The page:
Independent Student Newspaper for the University of Texas at San Antonio

The Paisano

Independent Student Newspaper for the University of Texas at San Antonio

The Paisano

Independent Student Newspaper for the University of Texas at San Antonio

The Paisano

Fear the beak no longer, replace Rowdy


UTSA has a serious image problem. If UTSA wants to become a Tier 1 institution, it needs to consider changing its mascot to something less fowl. I’m looking at you Rowdy.

In a recent study conducted at a university in England, 40 percent of people are afraid of birds. Fifty-seven percent of people distrust birds that cannot fly. A whopping 80 percent of people are terrified of flightless, leg-using, quick birds.

While UTSA has done its part to lower acceptance rates and increase the amount of higher quality students, its statistics have neglected to include the quality students who are discouraged from coming to the university because of their fear of birds.

Bird attacks have increased by 20 percent over the past year due to global warming and decrease in the bee population. Many of those reported to have been attacked by birds have been incoming college freshman and high school students, touring colleges.

Why does UTSA ignore these statistics? These are the types of bird-fearing individuals likely to have higher GPAs because of their time spent indoors who the university should look to recruit.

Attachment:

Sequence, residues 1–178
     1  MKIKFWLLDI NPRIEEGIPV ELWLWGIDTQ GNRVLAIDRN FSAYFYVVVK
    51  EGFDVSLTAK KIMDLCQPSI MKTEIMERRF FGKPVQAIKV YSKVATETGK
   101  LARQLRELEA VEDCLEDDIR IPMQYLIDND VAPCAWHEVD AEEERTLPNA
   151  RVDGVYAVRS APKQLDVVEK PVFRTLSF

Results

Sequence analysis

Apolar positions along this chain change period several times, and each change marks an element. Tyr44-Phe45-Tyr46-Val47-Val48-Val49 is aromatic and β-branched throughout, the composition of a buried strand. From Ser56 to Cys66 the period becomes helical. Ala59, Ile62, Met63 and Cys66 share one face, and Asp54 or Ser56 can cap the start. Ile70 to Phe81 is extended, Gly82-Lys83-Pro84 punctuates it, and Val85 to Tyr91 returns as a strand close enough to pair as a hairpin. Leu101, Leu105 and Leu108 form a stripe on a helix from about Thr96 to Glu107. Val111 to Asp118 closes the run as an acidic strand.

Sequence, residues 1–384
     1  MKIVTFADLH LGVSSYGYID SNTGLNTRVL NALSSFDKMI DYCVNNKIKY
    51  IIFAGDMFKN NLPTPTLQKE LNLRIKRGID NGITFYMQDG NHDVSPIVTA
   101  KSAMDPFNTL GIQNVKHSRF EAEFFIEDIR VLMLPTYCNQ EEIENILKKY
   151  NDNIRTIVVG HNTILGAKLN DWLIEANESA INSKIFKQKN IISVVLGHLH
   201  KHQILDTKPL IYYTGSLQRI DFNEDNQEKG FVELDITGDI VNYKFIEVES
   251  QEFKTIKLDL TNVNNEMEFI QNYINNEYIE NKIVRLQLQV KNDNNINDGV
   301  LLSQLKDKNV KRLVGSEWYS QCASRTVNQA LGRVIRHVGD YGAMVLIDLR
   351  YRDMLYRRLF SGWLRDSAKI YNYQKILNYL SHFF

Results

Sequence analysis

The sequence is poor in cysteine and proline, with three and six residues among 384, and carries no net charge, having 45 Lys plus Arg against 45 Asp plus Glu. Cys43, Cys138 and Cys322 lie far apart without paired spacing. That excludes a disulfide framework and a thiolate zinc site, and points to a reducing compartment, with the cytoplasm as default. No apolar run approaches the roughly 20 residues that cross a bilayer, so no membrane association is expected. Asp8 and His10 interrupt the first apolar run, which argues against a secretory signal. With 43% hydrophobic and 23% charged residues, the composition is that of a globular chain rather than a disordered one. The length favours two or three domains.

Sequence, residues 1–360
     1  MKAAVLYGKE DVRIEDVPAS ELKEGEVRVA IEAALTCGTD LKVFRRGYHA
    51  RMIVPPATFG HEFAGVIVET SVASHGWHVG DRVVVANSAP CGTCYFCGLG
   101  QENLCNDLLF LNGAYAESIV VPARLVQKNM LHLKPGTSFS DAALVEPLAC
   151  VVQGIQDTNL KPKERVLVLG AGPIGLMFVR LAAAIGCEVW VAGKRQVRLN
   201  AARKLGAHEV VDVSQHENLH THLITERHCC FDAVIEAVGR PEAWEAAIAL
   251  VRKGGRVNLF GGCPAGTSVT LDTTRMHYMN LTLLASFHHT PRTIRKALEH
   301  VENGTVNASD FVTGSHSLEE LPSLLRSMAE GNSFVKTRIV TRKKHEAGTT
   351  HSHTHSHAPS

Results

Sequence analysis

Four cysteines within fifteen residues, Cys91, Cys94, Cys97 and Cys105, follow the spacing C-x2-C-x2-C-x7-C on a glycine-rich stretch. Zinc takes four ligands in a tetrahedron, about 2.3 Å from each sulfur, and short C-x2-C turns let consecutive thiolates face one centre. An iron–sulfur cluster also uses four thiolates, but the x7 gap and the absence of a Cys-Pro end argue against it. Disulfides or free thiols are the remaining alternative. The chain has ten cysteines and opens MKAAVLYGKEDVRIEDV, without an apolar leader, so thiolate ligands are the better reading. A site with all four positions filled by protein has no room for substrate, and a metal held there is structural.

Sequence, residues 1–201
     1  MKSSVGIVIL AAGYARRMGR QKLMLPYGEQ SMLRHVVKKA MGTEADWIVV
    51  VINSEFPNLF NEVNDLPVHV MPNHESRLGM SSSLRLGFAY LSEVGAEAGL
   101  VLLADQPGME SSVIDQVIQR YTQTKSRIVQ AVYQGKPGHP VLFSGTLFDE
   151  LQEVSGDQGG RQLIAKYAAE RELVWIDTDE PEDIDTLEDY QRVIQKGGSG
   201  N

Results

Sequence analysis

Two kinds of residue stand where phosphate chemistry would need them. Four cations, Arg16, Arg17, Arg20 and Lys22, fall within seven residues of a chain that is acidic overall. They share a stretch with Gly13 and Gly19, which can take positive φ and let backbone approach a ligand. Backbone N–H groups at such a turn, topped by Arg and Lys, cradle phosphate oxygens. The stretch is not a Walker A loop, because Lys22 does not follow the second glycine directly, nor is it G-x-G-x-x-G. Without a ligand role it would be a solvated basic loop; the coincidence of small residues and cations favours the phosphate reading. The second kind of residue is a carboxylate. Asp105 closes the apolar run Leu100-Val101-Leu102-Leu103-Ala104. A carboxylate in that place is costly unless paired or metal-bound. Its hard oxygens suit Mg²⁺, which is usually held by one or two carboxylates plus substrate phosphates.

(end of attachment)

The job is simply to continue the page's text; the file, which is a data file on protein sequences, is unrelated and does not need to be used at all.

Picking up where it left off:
Rowdy, as a mascot, is an imposing figure. Because of the bird’s cheering beak and clapping talons, many people leave football games early due to fear of Rowdy. Often students who take photos with Rowdy smile in fear or in pain. When cheering or running energetically through the stands and on the court, Rowdy often looks like a crazed feral animal. His heart must certainly be as hollow as his bones.

As an established learning institution, it is critical that UTSA must look into every means possible to accommodate current students and potential students who look to join our university.

I propose that we run Rowdy from the nest and cozy up to a less fear-inducing animal — like an armadillo.

Armadillos are the armored dirt-rat of Texas. They are strong, they don’t mind the heat and they are familiar with the nocturnal college life style. The armadillo is exactly the type of passive, non-threatening mascot we need to represent our school.

When not digging up and destroying your neighbor’s lawn, armadillos are peaceful and protect themselves by running away and burrowing into the ground and jumping into thick shrubbery. Their shells have been reported to be strong enough to deflect bullets, a beneficial adaptation considering the new campus-carry law. This grub-eating, rabies-carrying animal is the mascot the university should choose to represent itself with.

Go Dillo’s!

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